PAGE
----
• Height /weight ?
    • Likert type data ? (Strongly agree to strongly disagree)
    • Gender?
    • Race? / Specialty you will go into?
  • This is the KEY to decide what statistical test to use

Figures/ Graphs / Tables

  • Show the data the best you can
  • Tables and Graphs should be “stand alone”
    • That is they should convey the meaning of the data without HAVING to read the paper
  • Often this will require a legend

How Most People Read Journals

  • Read Title
  • Read Intro (first few lines) to decide to read further
  • Look at figures/ tables to see if they can get the gist of your work
  • Read conclusion
  • But, reviewers do not read this way!
  • Neither do those “looking for your article”

Managing Expectations

  • TIME
    • your timeline consistent with mentor/lab?
  • OUTCOME
    • VERY UNUSUAL to have paper ready to submit to journal at end of summer
    • Publicationdepends on factors out of your control (Project, mentor, scientific climate)
      • Even a good project takes years to publish

What Might You Have?

  • Abstract Writing
  • Writing a good abstract is critical to scientific research
  • Why?

Challenge of Writing a Good Abstract

  • Many people find it harder to be terse
  • Or do not choose the most relevant information
  • Key is to stay big picture and focus on the MAIN points

Submitting to a meeting

  • Abstracts are your entry point to get to meetings
  • Look up the format for when you write – DO NOT JUST WRITE
  • 1st --what is the word count (write that at the bottom so you know how far over/under you are always)

Abstract writing

  • VERY different from papers
  • Usually 250-500 words (required for those of you on NIH training grants) so keep it very brief
  • Same format “IMRaD” or a format they specify (i.e. “innovation abstracts)

Abstract Writing

  • Always takes longer than you think
  • Start early!
  • Get feedback
  • Can often write the background and methods while you wait for the results

Keys to Good Abstracts

  • Intro sets the stage but does not go into more depth than needed. only 1-2 sentences
  • Methods understandable (not vague/skimpy)
  • Results – provide the data to support main points (need to decide what those are)
  • Conclusion reinforces main points and includes forward thinking implications for future work

Tips to Surviving SRP

  • Focus on the process and making sure you are on top of your assignments
    • Results should come eventually and sometimes no way to ‘force’ them
    • Figure out how to troubleshoot & consider plans B & C
    • Sometimes you have to change your hypothesis to accommodate this change too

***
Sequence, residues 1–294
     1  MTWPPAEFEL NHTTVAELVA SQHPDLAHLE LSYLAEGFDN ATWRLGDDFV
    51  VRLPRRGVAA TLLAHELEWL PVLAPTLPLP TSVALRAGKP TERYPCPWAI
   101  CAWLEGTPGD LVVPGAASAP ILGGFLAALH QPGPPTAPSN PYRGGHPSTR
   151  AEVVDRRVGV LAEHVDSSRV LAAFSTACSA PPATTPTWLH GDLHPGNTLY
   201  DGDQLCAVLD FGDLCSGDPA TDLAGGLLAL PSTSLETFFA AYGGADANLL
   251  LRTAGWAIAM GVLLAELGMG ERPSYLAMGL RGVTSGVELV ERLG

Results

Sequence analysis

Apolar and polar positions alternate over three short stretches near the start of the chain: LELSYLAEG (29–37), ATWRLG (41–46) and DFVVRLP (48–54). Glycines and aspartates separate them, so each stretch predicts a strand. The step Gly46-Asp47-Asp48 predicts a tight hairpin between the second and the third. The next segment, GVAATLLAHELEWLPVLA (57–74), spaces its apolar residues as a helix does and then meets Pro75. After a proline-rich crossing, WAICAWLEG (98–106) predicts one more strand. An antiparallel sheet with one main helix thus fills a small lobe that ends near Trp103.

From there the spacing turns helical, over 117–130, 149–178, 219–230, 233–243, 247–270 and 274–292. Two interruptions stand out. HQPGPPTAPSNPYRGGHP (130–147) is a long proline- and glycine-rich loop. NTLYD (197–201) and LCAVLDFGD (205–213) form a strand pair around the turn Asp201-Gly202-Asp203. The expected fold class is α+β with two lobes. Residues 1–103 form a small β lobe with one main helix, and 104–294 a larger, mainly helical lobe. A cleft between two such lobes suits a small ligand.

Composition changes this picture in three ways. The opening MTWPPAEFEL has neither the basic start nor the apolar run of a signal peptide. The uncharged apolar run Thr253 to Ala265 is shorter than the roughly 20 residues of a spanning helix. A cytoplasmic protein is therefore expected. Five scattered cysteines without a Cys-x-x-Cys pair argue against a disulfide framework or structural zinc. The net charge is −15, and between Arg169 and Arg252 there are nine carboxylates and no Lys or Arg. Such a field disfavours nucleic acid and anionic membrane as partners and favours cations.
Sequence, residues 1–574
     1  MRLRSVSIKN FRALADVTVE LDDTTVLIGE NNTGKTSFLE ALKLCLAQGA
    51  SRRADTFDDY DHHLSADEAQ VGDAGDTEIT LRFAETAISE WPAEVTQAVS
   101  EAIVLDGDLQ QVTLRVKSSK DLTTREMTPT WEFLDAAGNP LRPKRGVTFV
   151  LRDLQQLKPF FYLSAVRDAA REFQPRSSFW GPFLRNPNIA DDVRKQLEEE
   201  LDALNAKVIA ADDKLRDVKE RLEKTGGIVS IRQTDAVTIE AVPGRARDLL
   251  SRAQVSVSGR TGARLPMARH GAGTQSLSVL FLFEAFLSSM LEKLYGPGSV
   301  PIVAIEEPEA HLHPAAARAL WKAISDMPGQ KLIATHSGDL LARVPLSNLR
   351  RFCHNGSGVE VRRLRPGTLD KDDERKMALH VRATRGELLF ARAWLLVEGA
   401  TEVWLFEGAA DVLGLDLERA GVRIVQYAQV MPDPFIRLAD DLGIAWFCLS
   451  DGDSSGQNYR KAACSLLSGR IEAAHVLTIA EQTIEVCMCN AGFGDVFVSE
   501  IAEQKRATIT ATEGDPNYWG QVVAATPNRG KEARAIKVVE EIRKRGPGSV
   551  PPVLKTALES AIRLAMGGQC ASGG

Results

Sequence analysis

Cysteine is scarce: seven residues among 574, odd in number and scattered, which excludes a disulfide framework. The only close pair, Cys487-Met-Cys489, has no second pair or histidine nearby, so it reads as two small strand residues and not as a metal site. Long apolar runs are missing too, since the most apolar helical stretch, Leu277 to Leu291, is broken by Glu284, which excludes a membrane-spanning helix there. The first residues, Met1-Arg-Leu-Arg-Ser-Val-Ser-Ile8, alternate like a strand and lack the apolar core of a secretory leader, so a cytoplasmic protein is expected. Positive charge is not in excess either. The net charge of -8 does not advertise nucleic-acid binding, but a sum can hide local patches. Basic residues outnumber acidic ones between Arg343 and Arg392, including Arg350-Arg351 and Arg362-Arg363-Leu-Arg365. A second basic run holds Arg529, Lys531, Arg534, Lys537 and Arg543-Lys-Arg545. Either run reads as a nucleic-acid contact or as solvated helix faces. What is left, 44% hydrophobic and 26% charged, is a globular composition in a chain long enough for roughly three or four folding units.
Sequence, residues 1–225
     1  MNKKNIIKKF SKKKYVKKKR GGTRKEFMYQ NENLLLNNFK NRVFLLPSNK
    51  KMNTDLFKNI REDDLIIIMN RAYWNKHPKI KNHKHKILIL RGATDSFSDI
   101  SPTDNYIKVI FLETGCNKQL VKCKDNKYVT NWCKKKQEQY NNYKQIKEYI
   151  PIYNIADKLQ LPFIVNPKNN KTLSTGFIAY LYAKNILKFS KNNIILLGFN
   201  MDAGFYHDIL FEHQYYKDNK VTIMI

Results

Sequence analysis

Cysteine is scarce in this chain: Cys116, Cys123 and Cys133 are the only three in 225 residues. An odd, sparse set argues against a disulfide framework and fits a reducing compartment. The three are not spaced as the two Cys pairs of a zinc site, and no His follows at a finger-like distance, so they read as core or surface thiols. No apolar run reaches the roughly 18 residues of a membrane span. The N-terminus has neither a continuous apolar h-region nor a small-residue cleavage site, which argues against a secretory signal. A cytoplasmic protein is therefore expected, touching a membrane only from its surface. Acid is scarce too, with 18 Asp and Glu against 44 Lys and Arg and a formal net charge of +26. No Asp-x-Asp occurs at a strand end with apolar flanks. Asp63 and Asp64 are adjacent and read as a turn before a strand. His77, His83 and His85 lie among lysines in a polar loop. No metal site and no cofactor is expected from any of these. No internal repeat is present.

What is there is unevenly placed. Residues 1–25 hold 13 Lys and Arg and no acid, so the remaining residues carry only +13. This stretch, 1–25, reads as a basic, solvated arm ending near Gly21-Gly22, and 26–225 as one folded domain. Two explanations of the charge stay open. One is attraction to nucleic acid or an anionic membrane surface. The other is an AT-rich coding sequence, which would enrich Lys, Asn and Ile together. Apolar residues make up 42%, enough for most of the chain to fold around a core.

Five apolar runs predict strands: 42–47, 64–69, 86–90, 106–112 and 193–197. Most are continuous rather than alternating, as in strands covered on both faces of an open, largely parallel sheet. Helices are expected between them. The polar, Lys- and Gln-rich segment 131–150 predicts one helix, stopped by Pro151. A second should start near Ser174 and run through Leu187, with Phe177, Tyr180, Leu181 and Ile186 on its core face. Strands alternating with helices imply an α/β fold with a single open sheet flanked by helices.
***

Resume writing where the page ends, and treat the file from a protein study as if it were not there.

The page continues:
Tips to Surviving SRP

  • Cultivate a working relationship & rhythm with your mentor and mentor’s lab
    • Proactively communicate but respect their competing obligations that prevent you from being their top priority at every moment
  • Graduating students will tell us that finding a good mentor is the key to a successful experience (not the “project”)

Tips to Surviving SRP

  • The timeline to produce anything meaningful is LONG
  • People spend their whole lives on making one breakthrough
  • You have 10 weeks
    • This is in some ways a ‘jumpstart’ to learning about research and your interests

Tips to Surviving SRP

  • Do not focus on “publishing” a paper
  • Think about more appropriate dissemination for a first step
      • SRP Forum counts!
      • Internal conferences “Dept of Surgery Research Day”
      • Regional or national conference
    • The first step is submitting an abstract

Needed for Payday!

  • Check #1 available AFTER…
  • Requires validation of
    • References
    • Hypothesis
    • Introduction

Special Emphasis Programs

  • START (Scholars in Translational Aging Research Training)
    • Starts June 20th
    • Confirmation emails this week
  • SOAR (Scholars in Oncology Associated Research)
    • Starts July 5th
    • Includes interprofessional component

Authorship workshop

  • Led by Dr. Wolfson
    • Part of REQUIRED research ethics curriculum
  • Effective Scientific Presentations July 25th NEW TIME 11AM!!!
    • What you need to know to present at SRP Forum
    • Planning for MS2 S&D

Questions?

SRP Questions

  • SRP ?s
    • When your mentor or cluster group leader can’t answer…
    • Email to Dr. Arora SHOULD CC Kate Blythe
      • INDICATE YOUR MENTOR AND PROJECT TITLE
      • Most questions are logistical
      • Depends on type of research

SRP  S&D?

  • (n=64, Aug 2013)

SRP  S&D?

  • (n=64, Aug 2013)

Looking Forward to MS2

  • Some of you will continue your project as part of Scholarship & Discovery MS2 Block (5 weeks at end of MS2 year after USMLE before mS3)
  • Some of you may not want to because

Fall MS2

  • Submit track application in early NOVEMBER
    • Although this seems like a long time away, the key is that you don’t start back until Sept 22nd (which is really already October)
  • So, if you have an inclination to switch, you may want to think about new mentors for your MS2 year S&D block

Some pitfalls

  • MS2 think they get more done than they will during MS2 year before the Block starts
    • They don’t factor in how time consuming CPP&T or how tiring studying for USMLE is
  • Many want to “start” a new project since all they have to do is “finish a paper” from SRP
    • “finishing a paper” easily takes more than 5 weeks!
    • Don’t take on too much

SOAR Scholars in Oncology Associated Research

  • Specific aims of SOAR
  • Improve medical student knowledge of oncologic disciplines with respect to clinical care, basic sciences, and social sciences
  • Introduce students to the multidisciplinary and interprofessional aspects of oncology
  • Instructional Methods

Seminar survey series

  • 45-60 minute lectures covering clinical and research aspects of
    • Medical, surgical & radiation oncology
    • Cancer genetics
    • Cancer disparities
    • Cancer economics
    • Drug development
    • Survivorship care
    • Hospice / Palliative medicine